Although the upper molars of herpetotheriids such as Peratherium, Herpetotherium and Asiadidelphis typically bear a centrocrista that is somewhat deflected buccally [19, 31, 32], none of these taxa shows the fully formed dilambdodonty that characterizes Galatiadelphys minor. However, with the exception of this feature and the concomitant reduction of the stylar shelf, EOU-UCF-2 most closely resembles European herpetotheriids, particularly early Eocene species of the genus Peratherium, such as P. constans from Dormaal, Belgium [19]. Beyond being strongly dilambdodont, EOU-UCF-2 differs from upper molars of P. constans in having a StB that does not coalesce with the parastyle, in lacking an ectoflexus, and in having a protocone that is less asymmetrical anteroposteriorly. Another feature that distinguishes the Turkish specimen is the narrow breadth of its stylar shelf, although this character varies somewhat according to tooth locus in P. constans and other herpetotheriids.

Anatoliadelphyidae fam. nov.

Type genus.

Anatoliadelphys Maga and Beck, 2017.

Included genera.

The type genus and Orhaniyeia gen. nov.


Differs from Palangania, Chulpasiinae, and all other metatherians in having the following combination of features: bunodont lower molars with weakly cuspidate entoconids becoming progressively exodaenodont posteriorly; lingual margin of lower molar talonids lined with multiple small neomorphic cuspules; trigonid of M4 with hypertrophied protoconid; upper molars with narrow stylar shelves on which StB and StD are enlarged and closely approximated with paracone and metacone, respectively; stylar cusps tend to be connected by anteroposteriorly oriented crests; upper molar protocones hypertrophied and asymmetrical, with enlarged posterolingual face; M3 strongly asymmetrical because of posterobuccal expansion of postmetacrista and related structures.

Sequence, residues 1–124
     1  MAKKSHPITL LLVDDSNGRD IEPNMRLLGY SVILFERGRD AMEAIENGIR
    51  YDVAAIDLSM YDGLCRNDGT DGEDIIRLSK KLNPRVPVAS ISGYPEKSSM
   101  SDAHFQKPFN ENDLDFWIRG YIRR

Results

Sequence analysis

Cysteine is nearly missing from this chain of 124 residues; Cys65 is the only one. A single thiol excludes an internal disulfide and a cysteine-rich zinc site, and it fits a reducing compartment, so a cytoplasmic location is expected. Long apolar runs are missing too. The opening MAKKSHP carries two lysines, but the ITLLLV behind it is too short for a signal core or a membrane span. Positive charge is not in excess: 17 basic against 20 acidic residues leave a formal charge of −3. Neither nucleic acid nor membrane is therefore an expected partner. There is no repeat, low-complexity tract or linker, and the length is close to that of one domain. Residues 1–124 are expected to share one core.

Orhaniyeia gen. nov.

Orhaniyeia nauta sp. nov.


Generic name reflects the geographic provenance of this taxon. Latin “nauta” (sailor) alludes to the inferred mode of dispersal employed by ancestral Anatoliadelphyidae in reaching the Pontide terrane.


EOU-UCF-4, associated dentary fragments and teeth preserving left M2 and M4 and right P3, M1-2, and M4 (Figs 1D–1F and 3A–3N).

Fig 3. Dental remains attributed to Orhaniyeia nauta.

Specimen numbers are shown to the left. A-C, right P3 included as part of holotype in occlusal (A), lingual (B), and buccal (C) views. D-E, right dentary fragment preserving M1-2 included as part of holotype in occlusal (D) and buccal (E) views. F-H, right dentary fragment preserving M4 included as part of holotype in occlusal (F), lingual (G), and buccal (H) views. I-K, left dentary fragment preserving M2 included as part of holotype in occlusal (I), lingual (J), and buccal (K) views. L-N, left dentary fragment preserving M4 included as part of holotype in occlusal (L), lingual (M), and buccal (N) views. O-Q, left M3 in occlusal (O), lingual (P), and buccal (Q) views. R-T, right dentary fragment preserving M4 in occlusal (R), lingual (S), and buccal (T) views. U-W, left M3 in occlusal (U), buccal (V), and lingual (W) views. Scale bar equals 5 mm.